Stuxnet was a malicious computer worm that caused substantial damage to Iran’s nuclear program. It was likely deployed to prevent a conventional military strike against Iran’s nuclear facilities. The 2015 cyber attacks on Ukranian critical infrastructure caused loss of energy for hundreds of thousands citizens of Ukraine in December. It was likely staged to test cyber operations for the upcoming 2016 U.S. presidential election. Both cases offer interesting takeaways: (a) offensive cyber operations often empower rather than deter an adversary and (b) offensive cyber operations resulting in a devastating cyber attack to the integrity of the target may be responded via conventional military means. But where exactly is the threshold for escalating a cyber attack into conventional domains? How can policymakers rethink escalation guidelines without compromising international relations? This paper discusses achieving strategic stability in cyberspace by way of transferring the concept of a nuclear no-first-use policy into the current U.S. cyber strategy.
U.S. cyber strategy has a hypocrisy problem: it expects its cyberattacks to deter others (defend forward) without triggering escalatory responses outside cyberspace, while it is unclear about what it considers off-limits. A strategic cyber no-first-use declaration, like the one outlined in this article, could help solve risks of inadvertent instability while allowing cyber-operations to continue.
Make sure to read the full paper titled A Strategic Cyber No-First-Use Policy? Addressing the U.S. Cyber Strategy Problem by Jacquelyn Schneider at https://www.tandfonline.com/doi/full/10.1080/0163660X.2020.1770970
In 2018 the Trump administration adopted its progressive National Cyber Strategy. These sort of policy declarations are commonly filled with agreeable generalities, albeit this National Cyber Strategy read in conjunction with the 2018 Department of Defense Cyber Strategy introduced a new, rather reckless cyber posture of forward attack in cyberspace as a means of a preemptive cyber defense. Key themes, e.g.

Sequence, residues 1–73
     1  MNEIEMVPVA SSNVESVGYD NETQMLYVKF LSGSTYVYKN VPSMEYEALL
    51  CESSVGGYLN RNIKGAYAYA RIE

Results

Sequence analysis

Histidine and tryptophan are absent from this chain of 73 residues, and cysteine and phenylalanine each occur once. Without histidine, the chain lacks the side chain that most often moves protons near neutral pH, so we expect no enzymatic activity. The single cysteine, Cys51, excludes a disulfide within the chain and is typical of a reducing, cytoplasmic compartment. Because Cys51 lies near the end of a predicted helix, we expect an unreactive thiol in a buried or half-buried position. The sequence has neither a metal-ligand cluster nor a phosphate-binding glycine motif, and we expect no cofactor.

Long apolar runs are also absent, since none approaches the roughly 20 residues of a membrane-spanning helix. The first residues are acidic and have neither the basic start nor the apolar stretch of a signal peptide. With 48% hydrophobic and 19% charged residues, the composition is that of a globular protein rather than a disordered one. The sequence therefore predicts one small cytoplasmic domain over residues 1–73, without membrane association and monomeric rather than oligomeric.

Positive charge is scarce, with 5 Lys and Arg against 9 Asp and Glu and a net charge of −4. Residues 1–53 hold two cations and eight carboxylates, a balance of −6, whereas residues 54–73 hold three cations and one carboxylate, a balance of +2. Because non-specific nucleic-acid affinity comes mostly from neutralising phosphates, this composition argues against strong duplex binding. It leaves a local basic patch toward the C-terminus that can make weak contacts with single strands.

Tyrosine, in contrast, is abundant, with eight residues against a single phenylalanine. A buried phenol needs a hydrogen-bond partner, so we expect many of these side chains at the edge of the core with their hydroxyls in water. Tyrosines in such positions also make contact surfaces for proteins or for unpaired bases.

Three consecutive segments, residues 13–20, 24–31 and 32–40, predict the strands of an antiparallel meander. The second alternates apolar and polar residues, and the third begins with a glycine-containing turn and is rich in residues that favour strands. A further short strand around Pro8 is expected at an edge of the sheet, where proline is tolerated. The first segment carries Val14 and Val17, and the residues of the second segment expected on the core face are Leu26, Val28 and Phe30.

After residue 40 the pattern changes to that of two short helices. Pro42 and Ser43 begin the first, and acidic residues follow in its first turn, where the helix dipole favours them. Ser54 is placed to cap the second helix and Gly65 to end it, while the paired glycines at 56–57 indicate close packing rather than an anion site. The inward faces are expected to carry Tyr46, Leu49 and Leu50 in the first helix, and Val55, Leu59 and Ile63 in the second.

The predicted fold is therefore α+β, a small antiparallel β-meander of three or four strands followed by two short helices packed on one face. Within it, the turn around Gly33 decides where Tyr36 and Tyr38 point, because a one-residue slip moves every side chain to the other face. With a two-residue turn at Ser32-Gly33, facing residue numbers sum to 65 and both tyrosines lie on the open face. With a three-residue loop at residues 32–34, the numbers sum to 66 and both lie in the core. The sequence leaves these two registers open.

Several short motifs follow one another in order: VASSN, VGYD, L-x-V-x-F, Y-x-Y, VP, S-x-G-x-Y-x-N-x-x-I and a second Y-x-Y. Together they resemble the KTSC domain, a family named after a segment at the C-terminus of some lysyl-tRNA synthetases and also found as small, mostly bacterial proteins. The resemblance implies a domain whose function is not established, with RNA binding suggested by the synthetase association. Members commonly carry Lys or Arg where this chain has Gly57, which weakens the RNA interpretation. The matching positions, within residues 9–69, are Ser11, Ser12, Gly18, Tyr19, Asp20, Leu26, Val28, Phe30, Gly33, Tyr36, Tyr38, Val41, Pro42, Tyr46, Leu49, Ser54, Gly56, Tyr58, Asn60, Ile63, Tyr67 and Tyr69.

- Using cyberspace to amplify military lethality and effectiveness;
- Defending forward, confronting threats before they reach U.S. networks;
- Proactively engaging in the day-to-day great power competition in cyberspace;
- Actively contesting the exfiltration of sensitive DoD information;
raise important questions of national security. Why does an industrial superpower like the United States feel a need to start a cyber conflict when it could redirect resources toward building effective cyber defense systems? How many cyber attacks against critical U.S. infrastructure are successful that it would justify a forward leaning cyber defense? What is the long-term impact of charging the military with cyber strategy when the private sector in Silicon Valley is in a much better position to create built-in-cybersecurity and why aren’t resources invested back into the economy to spur cyber innovation? Each of these questions is material for future dissertations. Until then, instead of a defend forward strategy in cyberspace, a cyber policy of no-first-use might complement securing critical infrastructure while ensuring allies that the U.S. cyber capabilities are unmatched in the world and merciless if tested.
No-first-use is a concept originating in the world of nuclear warfare. In essence, it means
“a state declares that although it has nuclear weapons, and will continue to develop and rely on these weapons to deter nuclear strikes, it will not use nuclear weapons first.”
Instead conventional (non-nuclear) warfare will be utilized to respond to attacks on its sovereignty. These policies are not treaties with legal ramifications if violated. They’re neither agreements to ban production of certain weapon systems nor intended as arms control measures. In fact, no-first-use policies often take shape in form of a public commitment signaling restraint to friends and foes. They are made for strategic stability in a given domain.
No-First-Use Cyber Policy